How China Can Retaliate Against the US

Adjust Comment Print

The administration says it wants China to end the theft of intellectual property from USA companies and curb policies that require American and other foreign businesses to hand over technology in exchange for access to the Chinese market.

The Trump administration announced Tuesday it is offering up to $12 billion in aid to farmers to help mitigate the retaliatory tariffs stemming from Trump's widening trade feud with other countries.

While soybean prices have plummeted in recent months as China slapped tariffs on $45 billion of US goods, the complexity of the markets where they are sold has insulated many growers from financial harm in the short-term. "What we're seeing now is a direct hit to not only farmers, but to our rural communities and all of Missouri", Hurst said. "A lot of guys are skeptical of it. And unless something changes, it's only going to get worse", said Juedes. American soybean prices fell about 20 percent.

US soybean production has doubled since the mid-1990s and total exports have doubled since the mid-2000s.

"One of the main things to look out for is the issue of vehicle tariffs, which is the keystone to the whole negotiation".

Harley-Davidson announces moving production for motorcycles intended for the European market outside the a way to avoid EU tariffs targeting the steel steads.

Representatives of the European Union, Canada, Mexico, South Korea and Japan will convene in Geneva on July 31 to debate how to respond if the us imposes levies on vehicle imports, as well as prospects for reforming the World Trade Organization, according to three people familiar with the matter.

Mr. Kudlow didn't discuss a specific timeline for future talks or whether the negotiations will be completed before the Commerce Department decides whether to recommend imposing tariffs on European cars as early as September.

Though such a "plurilateral" accord could potentially appease Trump's concerns about high levies on American auto exports, a formal debate on such a deal - with the potential to upend the entire vehicle industry by cutting levies across the globe - would require a political mandate. Using food in a trade dispute is a lose-lose.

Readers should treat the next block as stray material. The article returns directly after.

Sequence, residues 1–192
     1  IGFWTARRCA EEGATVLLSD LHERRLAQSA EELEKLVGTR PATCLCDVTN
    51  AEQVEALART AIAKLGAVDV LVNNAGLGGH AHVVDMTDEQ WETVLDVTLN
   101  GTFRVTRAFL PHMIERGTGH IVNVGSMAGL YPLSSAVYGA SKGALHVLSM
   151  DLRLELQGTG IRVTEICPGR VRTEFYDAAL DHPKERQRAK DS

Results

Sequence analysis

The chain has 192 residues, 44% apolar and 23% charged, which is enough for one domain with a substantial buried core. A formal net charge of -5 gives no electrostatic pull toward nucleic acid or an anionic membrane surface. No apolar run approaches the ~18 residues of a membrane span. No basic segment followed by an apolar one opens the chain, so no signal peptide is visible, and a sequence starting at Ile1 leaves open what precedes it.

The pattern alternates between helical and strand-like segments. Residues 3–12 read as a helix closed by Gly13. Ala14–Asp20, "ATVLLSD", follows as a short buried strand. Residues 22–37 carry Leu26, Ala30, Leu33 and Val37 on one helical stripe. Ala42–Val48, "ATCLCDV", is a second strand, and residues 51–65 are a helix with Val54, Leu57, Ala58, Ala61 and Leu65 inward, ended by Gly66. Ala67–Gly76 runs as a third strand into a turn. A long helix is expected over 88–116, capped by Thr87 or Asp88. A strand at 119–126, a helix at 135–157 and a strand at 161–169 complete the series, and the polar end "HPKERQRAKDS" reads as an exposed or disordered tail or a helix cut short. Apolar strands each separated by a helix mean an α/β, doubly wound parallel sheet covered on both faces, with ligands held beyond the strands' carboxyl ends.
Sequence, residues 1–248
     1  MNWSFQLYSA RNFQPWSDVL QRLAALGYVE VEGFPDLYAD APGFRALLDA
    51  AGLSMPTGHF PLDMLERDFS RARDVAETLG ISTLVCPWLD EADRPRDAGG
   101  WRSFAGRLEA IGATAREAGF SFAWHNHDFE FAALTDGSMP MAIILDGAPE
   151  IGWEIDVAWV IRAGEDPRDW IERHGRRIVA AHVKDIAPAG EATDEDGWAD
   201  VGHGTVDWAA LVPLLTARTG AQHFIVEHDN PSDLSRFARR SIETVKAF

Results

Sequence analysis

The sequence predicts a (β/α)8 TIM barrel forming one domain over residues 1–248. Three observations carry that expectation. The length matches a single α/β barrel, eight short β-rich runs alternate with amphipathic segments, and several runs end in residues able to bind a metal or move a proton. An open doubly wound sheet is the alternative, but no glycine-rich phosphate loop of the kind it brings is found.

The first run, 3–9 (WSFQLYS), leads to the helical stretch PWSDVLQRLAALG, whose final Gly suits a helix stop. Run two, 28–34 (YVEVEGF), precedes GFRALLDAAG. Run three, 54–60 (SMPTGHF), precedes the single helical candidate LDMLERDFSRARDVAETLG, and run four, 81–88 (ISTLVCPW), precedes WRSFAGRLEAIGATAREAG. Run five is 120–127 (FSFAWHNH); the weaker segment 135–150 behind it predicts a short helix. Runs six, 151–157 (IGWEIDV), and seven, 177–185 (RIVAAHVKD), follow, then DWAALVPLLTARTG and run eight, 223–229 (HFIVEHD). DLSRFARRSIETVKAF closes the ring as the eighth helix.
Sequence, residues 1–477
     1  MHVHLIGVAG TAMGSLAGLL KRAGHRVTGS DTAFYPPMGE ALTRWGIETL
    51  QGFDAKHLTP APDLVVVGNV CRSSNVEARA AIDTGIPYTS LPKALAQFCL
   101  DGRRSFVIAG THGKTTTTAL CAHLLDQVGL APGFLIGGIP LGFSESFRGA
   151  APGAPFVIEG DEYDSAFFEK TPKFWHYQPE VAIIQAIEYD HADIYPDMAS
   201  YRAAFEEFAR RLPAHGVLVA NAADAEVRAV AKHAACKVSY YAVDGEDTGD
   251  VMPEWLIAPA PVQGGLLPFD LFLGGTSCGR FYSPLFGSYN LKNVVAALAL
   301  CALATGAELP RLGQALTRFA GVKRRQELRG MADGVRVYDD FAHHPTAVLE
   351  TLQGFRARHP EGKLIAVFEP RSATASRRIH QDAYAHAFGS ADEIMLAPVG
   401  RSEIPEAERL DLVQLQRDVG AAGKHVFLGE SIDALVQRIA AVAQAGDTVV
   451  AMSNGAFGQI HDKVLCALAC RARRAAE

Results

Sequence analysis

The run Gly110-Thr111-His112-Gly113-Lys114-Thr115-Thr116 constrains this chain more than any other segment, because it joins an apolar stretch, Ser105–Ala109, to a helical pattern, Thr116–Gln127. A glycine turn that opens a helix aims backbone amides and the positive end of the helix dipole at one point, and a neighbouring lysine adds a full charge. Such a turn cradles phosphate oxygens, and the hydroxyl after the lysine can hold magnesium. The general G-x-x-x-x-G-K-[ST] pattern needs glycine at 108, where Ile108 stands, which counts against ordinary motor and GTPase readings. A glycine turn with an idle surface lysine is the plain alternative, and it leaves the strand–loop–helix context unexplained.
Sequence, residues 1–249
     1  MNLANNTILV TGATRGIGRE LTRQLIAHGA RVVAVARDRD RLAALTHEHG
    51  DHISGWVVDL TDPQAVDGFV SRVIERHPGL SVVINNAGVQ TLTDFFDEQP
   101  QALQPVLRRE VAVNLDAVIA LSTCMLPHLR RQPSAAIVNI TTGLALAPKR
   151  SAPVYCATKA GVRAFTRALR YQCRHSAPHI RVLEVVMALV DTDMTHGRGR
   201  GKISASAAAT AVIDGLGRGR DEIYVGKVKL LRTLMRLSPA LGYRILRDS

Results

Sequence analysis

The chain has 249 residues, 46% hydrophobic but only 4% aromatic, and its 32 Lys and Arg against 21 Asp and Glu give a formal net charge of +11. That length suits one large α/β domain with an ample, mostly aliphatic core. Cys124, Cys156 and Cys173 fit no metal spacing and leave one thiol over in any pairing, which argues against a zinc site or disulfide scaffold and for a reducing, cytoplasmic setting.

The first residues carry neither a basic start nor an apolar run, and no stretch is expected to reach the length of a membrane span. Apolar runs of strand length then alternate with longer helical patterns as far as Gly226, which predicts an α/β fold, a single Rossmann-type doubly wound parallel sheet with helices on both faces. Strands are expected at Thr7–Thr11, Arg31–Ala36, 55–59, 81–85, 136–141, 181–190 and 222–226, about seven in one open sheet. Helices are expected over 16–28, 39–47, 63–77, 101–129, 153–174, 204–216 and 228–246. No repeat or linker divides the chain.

More news: Tekashi69 Pistol Whipped, Kidnapped, Robbed and Hospitalized
More news: Facebook and YouTube give Infowars' Alex Jones a wrist slap
More news: Total Eclipse of the Moon on 27 July 2018

Companies with many assets will generally be able to weather the trade war - the people who won't are small and medium farms.

In addition, the USA runs a trade deficit with the EU, which means Americans buy more stuff from the Europeans than vice versa. "But they'd rather have long-term contracts than short-term payments".

"The timing wasn't good for agriculture", Duncan said.

USDA's Food Purchase and Distribution Program is meant to purchase unexpected surpluses of affected commodities for distribution to food banks and other nutrition programs.

On July 6, the USA tariffs on some $34 billion worth of goods imported from China went into effect. China retaliated with stiff tariffs, sending soybean prices to a ten-year low of $8.19 per bushel at a time when record plantings and large stockpiles had already driven prices far from their 2012 pinnacle. China has struck back with duties on soybeans and pork, affecting Midwest farmers in a region of the country that supported the president in his 2016 campaign.

"My message was - they need to be very careful with tariffs on domestic content", Williams said.

USDA said part of the aid funding will go to help fine new markets for farm products.

Those price drops have ripple effects, too. This is a prudent position given that on the same day the deal was announced, some of President Trump's senior advisers believed he was on the verge of escalating the trade war with a 25 percent tariff on almost 200 billion US dollars of imported automobiles, according to The Washington Post. Farmers themselves have also been lukewarm towards the aid package, with most preferring a resolution to the current trade disputes and expanded foreign market access instead of federal assistance. Many EU countries balk at buying genetically modified products grown in the U.S.